In the 1960s, when Special Olympics was founded, “retarded” was the acceptable term to describe people with intellectual disabilities. This was a time when people with intellectual disabilities were routinely institutionalized because their gifts and talents were not recognized.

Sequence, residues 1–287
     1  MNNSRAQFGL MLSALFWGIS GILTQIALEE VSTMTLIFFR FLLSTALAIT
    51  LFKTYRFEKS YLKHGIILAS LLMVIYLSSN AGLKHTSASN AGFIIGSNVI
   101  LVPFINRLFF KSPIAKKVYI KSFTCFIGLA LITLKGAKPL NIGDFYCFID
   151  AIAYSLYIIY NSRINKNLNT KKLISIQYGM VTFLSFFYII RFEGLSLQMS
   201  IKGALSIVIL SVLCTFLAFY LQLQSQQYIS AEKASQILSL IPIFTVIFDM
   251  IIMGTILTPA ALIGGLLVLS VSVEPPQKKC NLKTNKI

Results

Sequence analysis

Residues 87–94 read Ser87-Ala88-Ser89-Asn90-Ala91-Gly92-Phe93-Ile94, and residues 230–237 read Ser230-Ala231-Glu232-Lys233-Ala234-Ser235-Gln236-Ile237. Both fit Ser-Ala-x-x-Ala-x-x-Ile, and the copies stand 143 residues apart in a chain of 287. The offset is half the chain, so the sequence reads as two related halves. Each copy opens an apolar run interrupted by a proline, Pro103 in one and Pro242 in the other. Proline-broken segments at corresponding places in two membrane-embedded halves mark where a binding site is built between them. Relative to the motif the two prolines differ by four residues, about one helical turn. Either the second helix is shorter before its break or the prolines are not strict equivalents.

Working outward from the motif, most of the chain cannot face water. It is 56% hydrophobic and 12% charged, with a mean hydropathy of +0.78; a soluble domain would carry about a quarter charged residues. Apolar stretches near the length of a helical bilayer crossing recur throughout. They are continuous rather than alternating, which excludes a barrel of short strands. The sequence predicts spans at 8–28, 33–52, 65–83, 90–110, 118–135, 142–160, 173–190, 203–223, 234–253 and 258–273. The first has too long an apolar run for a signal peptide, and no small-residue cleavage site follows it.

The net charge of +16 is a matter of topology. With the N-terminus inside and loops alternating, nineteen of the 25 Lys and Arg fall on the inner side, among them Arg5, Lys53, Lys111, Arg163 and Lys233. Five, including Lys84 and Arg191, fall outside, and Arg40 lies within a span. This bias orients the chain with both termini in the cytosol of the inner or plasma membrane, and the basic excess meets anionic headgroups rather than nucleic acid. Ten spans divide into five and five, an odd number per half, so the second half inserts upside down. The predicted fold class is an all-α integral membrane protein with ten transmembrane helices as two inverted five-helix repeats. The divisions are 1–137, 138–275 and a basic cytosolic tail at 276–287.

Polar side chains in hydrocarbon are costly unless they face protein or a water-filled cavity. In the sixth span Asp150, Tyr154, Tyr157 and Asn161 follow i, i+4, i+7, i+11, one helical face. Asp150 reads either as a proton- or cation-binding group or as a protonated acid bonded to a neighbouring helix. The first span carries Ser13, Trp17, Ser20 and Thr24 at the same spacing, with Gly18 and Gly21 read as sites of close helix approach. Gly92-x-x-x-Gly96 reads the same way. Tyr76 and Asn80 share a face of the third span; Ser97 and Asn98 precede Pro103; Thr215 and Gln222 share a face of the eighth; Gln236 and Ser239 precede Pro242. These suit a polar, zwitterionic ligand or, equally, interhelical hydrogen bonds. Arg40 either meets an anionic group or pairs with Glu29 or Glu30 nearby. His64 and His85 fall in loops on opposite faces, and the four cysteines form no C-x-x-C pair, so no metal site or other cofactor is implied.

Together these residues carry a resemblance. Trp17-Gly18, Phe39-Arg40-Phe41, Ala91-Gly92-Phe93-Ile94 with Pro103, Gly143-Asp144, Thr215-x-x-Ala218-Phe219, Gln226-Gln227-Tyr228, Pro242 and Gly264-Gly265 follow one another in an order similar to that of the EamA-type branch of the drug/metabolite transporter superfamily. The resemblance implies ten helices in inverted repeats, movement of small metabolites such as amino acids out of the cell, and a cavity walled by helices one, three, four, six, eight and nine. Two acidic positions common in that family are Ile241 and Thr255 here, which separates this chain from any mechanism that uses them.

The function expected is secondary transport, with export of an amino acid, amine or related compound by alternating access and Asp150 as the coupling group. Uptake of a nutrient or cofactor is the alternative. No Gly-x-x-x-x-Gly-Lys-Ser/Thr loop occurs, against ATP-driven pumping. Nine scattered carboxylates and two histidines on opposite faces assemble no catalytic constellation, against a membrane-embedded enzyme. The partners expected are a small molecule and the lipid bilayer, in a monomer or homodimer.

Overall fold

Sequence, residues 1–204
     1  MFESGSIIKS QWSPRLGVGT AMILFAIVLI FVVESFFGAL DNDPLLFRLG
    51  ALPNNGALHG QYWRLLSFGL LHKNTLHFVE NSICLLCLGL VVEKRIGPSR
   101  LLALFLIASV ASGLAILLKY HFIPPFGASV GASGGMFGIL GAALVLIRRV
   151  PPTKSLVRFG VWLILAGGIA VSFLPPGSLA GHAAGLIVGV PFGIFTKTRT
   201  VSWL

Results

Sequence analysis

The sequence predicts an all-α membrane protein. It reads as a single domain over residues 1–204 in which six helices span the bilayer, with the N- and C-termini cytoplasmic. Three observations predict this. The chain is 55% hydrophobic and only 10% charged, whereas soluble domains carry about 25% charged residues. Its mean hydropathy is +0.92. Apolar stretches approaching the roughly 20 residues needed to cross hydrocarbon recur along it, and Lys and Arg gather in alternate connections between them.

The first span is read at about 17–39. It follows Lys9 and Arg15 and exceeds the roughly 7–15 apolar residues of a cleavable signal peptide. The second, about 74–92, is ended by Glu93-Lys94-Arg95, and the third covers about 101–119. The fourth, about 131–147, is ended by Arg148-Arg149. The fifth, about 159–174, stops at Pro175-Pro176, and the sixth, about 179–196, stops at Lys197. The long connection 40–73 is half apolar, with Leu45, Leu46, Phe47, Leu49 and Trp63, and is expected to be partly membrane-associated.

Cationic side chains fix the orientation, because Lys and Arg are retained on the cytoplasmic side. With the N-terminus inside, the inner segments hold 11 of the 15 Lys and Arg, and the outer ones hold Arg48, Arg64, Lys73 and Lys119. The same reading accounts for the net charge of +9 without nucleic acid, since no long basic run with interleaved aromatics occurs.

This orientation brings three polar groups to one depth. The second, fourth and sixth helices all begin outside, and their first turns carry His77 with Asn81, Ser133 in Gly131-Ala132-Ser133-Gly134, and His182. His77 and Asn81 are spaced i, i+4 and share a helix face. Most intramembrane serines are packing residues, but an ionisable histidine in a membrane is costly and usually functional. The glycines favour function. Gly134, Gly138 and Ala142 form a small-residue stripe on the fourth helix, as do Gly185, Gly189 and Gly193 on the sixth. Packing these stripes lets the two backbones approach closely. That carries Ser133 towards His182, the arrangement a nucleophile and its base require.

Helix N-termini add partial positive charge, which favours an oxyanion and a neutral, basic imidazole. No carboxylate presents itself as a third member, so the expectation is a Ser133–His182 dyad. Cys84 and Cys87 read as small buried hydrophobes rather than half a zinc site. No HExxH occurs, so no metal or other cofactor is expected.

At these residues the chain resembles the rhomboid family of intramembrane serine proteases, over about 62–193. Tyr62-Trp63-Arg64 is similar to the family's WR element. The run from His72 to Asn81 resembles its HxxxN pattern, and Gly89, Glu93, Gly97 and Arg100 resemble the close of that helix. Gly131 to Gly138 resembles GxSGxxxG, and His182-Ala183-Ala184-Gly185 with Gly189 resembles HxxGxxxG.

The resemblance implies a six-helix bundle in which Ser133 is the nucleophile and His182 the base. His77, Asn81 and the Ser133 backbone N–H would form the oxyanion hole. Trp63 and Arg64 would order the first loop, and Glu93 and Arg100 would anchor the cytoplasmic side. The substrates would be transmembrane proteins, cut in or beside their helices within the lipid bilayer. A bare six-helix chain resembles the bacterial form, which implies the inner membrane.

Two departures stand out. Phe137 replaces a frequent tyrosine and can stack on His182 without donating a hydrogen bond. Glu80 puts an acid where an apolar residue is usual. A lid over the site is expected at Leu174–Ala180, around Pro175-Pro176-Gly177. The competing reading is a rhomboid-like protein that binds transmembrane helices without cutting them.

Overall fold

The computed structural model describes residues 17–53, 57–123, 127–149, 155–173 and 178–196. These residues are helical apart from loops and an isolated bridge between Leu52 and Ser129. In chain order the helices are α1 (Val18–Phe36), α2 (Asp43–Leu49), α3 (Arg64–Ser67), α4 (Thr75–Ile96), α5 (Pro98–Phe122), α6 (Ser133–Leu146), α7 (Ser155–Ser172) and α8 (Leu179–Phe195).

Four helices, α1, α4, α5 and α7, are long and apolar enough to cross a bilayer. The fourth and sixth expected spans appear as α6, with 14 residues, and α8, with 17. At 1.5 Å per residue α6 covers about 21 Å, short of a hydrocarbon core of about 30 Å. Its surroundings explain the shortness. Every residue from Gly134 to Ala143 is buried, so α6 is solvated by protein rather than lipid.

That’s why Eunice Kennedy Shriver wanted to use language that was positive — language that would help set an upbeat tone. There were many conversations about words that could best describe an exceptional group of people. Eunice Kennedy Shriver saw the adjective “special” as a way to define the unique gifts of adults and children with intellectual disabilities. Starting with the very first Special Olympics International Games in 1968, she wanted to dwell on our athletes’ abilities, not disabilities.